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Create and print a list of words for which both the following criteria are all met:

  • the word is at least 8 characters long;
  • the word formed from the odd-numbered letter is in the set of lower-case words; and
  • the word formed from the even-numbered letters is in the set of lower-case words.

For example, the word "ballooned" should be included in your list because the word formed from the odd-numbered letters, "blond", and the word formed from the even-numbered letters, "aloe", are both in the set of lower-case words. Similarly, "triennially" splits into "tinily" and "renal", both of which are in the word list.

My teacher told us we should use a set: s=set(lowers) because this would be faster.

what i have so far:

s=set(lowers)
[word for word in lowers if len(word)>=8
                        and list(word)(::2) in s
                        and list(word)(::-2) in s]

I do not think I am using the set right. can someone help me get this to work

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4 Answers 4

up vote 2 down vote accepted

The problem is that you cast word to a list (unnecessary), your slices are not in brackets (you used parenthesis), and your second slice uses the wrong indices (should be 1::2, not ::-2).

Here are the slices done correctly:

>>> word = "ballooned"
>>> word[::2]
'blond'
>>> word[1::2]
'aloe'

Note that s is an odd name for a collection of lowercase words. A better name would be words.

Your use of set is correct. The reason your teacher wants you to use a set is it is much faster to test membership of a set than it is for a list.

Putting it together:

words = set(lowers)
[word for word in words if len(word) >= 8
                        and word[::2] in words
                        and word[1::2] in words]
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Here is a quick example of how to structure your condition check inside of the list comprehension:

>>> word = 'ballooned'
>>> lowers = ['blond', 'aloe']
>>> s = set(lowers)
>>> len(word) >= 8 and word[::2] in s and word[1::2] in s
True

edit: Just realized that lowers contains both the valid words and the "search" words like 'ballooned' and 'triennially', in any case you should be able to use the above condition inside of your list comprehension to get the correct result.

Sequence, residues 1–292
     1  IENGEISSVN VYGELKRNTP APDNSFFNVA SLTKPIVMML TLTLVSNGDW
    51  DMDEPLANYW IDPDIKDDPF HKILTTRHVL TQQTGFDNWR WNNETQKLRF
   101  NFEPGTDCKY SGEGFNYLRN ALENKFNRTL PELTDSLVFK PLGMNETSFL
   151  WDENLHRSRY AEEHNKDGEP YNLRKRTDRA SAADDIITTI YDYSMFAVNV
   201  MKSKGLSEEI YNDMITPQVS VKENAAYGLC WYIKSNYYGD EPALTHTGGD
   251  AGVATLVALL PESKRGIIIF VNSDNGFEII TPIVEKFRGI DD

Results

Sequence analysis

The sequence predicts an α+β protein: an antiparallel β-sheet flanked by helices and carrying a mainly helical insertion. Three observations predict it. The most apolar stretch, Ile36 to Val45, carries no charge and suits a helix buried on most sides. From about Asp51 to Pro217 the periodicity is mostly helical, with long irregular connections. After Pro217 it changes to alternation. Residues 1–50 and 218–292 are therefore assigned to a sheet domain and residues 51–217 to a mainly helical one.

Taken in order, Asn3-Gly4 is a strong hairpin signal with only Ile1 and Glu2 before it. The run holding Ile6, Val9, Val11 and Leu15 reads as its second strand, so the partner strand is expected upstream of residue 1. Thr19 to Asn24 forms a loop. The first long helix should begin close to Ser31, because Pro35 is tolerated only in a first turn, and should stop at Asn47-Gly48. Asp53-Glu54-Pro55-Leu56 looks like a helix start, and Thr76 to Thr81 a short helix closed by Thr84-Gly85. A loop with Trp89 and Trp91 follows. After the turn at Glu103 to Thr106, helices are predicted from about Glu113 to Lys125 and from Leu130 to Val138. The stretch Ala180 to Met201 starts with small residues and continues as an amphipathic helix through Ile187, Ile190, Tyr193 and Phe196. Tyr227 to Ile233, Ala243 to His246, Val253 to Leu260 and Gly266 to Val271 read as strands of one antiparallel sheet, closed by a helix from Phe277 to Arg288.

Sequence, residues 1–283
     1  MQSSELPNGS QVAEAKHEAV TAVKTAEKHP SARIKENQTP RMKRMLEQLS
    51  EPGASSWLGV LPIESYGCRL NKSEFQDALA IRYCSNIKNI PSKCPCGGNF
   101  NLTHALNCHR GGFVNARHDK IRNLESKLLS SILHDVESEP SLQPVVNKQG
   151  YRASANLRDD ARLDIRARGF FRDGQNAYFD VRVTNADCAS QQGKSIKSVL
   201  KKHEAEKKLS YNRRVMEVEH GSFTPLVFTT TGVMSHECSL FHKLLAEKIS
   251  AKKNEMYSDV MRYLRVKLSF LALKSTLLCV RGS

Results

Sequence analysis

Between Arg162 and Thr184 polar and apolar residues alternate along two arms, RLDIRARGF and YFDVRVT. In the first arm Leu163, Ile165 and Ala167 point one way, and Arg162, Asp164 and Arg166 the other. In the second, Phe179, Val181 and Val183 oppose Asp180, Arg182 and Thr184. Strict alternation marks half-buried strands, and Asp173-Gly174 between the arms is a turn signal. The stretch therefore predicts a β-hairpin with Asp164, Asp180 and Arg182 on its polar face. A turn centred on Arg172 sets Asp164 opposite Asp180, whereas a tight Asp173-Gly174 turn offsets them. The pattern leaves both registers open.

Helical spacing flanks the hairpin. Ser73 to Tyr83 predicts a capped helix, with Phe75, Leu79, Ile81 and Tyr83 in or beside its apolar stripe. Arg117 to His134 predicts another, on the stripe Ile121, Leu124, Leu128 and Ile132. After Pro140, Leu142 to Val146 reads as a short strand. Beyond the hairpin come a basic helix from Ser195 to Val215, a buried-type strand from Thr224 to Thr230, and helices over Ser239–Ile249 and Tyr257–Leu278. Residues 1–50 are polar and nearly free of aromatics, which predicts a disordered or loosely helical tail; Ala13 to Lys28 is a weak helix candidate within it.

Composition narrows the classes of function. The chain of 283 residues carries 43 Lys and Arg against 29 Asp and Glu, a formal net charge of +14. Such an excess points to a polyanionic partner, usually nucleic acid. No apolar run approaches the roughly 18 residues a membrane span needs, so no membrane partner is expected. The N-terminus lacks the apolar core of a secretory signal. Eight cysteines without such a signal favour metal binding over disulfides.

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list(word)(::2)

First, the syntax to access index ranges is using squared parentheses, also, you don’t need to cast word to a list first, you can directly do that on the string:

>>> 'ballooned'[::2]
'blond'

Also, [::-2] won’t give you the uneven word, but a reversed version of the other one. You need to use [1::2] (i.e. skip the first, and then every second character):

>>> 'ballooned'[::-2]
'dnolb'
>>> 'ballooned'[1::2]
'aloe'

In general it is always a good idea to test certain parts separately to see if they really do what you think they do.

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this should do it:

s=set(lowers)
[word for word in lowers if len(word)>=8 and word[::2] in s and word[1::2] in s]

or using all():

In [166]: [word for word in lowers if all((len(word)>=8,
                                               word[::2] in s,
                                               word[1::2] in s))]

use [::] not (::) and there's no need of list() here, plus to get the word formed by letters placed at odd position use [1::2].

In [151]: "ballooned"[::2]
Out[151]: 'blond'

In [152]: "ballooned"[1::2]
Out[152]: 'aloe'
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